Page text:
Brexit checks mean lorry queues at Dover ‘only going to get longer’, says union

Unite says customs paperwork causing delays – despite government’s denial Brexit to blame

Adam Forrest
Thursday 27 January 2022 19:46 GMT

Courier shows huge lorry queues at Dover as drivers blame post-Brexit checks

Brexit controls are behind the huge lorry queues leading up to Dover and delays are “going to get longer”, a union representing drivers has said.

Unite said the full customs controls brought in after Brexit is causing significant hold-ups at the port – with each driver taking 10 to 20 minutes to clear checks.

Adrian Jones, Unite’s national officer for road transport, told The Independent: “The queues and the delays are only going to get longer as both tourism and commercial trade pick up in the weeks ahead.”

The union official said the additional time for checks was down to the codes needed for government’s new Goods Vehicle Movement Service (GVMS) system and other export paperwork.

“It’s not about drivers having the wrong paperwork – it’s just about the length of time it takes to go through all the paperwork,” Mr Jones added.

Drivers have been stuck in queues of up to 15km (9 miles) since full customs controls came into force on 1 January. Even longer delays have been experienced at the French port of Calais because of the extra red tape needed for imports from the EU into the UK.

The government has denied that post-Brexit customs controls are behind the recent congestion at Dover. Transport minister Baroness Vere told MPs on Wednesday that ferry maintenance was to blame for the build-up of traffic.

“[The queues] are actually due to the fact that there are three ships being refitted at the moment,” she said. “Our view is that the delay in Dover is not due to border checks.”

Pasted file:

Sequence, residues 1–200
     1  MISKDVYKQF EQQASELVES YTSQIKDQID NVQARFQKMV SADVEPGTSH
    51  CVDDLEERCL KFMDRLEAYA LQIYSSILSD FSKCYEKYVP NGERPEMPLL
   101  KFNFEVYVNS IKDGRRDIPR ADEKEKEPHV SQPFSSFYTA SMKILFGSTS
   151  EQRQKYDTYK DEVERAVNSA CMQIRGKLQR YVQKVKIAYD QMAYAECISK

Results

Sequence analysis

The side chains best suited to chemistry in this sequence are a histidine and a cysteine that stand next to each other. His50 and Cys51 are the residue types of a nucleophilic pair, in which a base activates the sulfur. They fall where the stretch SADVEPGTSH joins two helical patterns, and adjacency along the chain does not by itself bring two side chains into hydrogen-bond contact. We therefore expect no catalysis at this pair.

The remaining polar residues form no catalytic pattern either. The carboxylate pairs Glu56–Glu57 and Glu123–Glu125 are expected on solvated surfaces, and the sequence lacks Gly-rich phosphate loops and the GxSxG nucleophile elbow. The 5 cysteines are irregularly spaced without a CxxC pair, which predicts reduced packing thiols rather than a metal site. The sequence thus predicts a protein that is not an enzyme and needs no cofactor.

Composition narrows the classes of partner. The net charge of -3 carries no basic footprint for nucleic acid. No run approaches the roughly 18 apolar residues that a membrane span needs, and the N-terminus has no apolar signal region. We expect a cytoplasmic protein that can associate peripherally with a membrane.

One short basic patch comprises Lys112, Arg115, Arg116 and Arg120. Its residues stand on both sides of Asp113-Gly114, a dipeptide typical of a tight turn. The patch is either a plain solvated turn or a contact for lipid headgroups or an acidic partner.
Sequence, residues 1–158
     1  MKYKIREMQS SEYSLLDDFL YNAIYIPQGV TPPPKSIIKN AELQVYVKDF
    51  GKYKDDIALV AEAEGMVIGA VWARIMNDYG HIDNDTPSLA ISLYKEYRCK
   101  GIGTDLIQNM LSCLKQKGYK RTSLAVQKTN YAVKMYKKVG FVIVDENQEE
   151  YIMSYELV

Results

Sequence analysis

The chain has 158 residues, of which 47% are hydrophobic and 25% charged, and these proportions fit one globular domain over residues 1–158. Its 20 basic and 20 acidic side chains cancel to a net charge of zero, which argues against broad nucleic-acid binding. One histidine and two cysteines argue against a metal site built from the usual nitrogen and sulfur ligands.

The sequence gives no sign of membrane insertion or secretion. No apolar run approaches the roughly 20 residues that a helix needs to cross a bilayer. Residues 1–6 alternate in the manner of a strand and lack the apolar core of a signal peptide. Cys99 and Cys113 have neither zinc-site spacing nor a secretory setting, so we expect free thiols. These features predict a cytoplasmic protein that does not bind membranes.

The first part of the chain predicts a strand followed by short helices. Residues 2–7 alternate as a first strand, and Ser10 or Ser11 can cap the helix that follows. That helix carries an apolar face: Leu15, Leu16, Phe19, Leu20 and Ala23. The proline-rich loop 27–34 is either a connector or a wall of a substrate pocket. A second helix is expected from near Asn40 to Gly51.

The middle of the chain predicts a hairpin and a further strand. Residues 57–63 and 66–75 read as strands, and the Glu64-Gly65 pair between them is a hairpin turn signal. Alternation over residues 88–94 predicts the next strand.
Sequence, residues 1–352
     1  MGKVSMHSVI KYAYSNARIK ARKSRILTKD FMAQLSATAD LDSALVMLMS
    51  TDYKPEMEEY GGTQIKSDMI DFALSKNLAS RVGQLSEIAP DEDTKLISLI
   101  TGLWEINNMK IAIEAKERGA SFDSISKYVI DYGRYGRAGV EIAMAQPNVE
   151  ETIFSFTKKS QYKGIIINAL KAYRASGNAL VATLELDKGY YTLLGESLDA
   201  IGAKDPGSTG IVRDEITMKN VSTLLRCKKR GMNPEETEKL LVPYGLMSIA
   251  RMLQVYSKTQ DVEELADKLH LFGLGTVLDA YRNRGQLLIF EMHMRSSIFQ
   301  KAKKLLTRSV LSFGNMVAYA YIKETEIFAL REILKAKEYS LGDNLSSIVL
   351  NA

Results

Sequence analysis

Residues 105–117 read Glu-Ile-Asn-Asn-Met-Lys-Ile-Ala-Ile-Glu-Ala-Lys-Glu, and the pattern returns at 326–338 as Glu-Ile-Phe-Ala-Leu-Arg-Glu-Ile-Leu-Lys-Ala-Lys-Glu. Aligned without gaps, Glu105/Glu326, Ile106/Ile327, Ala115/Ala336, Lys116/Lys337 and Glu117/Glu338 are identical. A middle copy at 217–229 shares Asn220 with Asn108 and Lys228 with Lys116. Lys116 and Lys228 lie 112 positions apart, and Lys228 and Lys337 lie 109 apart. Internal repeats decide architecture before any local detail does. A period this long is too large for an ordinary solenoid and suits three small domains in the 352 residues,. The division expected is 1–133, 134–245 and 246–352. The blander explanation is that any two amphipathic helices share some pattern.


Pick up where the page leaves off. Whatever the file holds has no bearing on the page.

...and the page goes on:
However, the port’s chief executive Doug Bannister has said customs checks were “indeed” causing delays – though he said the refitting of some ferries was adding to the pressure.

Asked on Sky News earlier this week if “any” part of the delays was down to Brexit”, he said: “Certainly. The introduction of the full customs checks that came in on the 1 January … that additional time to process is indeed as a result of Brexit.”

Unite called on the government to try to streamline some of the customs red tape, boost the number of customs agents at ports and expand the facilities for drivers held up in checks. “All these things should have been planned for – it’s unacceptable,” said Mr Jones.

The union official said he was not aware of any problems with the GVMS causing short-term problems. “We’re told it’s working as expected. The checks take as long they take. Which is why it would be good for the government to streamline as much as they can and =[put] proper infrastructure in place for drivers.”

A government spokesperson said: “It is untrue to suggest that short delays to freight movements at Dover have been caused by new customs processes. The main causes were ship-refitting, which reduces capacity across the short straits, and higher than expected freight volumes.”

“The Goods Vehicle Movement System and other customs systems are online and working as planned. Indications since 1 January are that traders and hauliers are adapting very well to the new processes.”

One driver told The Independent last week it was taking 15 to 20 minutes for each driver to clear checks at Dover. “It’s entirely Brexit,” said the driver, who has had to push back some of his clients’ deliveries.

Truck drivers have reported queueing for up to eight hours trying to get through customs controls at Calais, with some lorries pulled aside because problems with the new paperwork needed to be sorted out.

A leading logistics firm told The Independent earlier this month that lorries bringing goods from the EU to the UK had been stuck at the border for four days.

Meanwhile, officials from the National Union of Farmers (NFU) have been speaking to peers about the downsides of the post-Brexit UK-Australia trade deal.

“It’s not a particularly good deal from our point of view … it doesn’t create many new opportunities for UK farmers,” Nick von Westenholz, director of trade at the NFU, told international agreements committee.

“It does completely liberalise access for agricultural goods from Australia into the UK which poses a risk for UK farmers … so there’s limited upside and potentially significant downside.”

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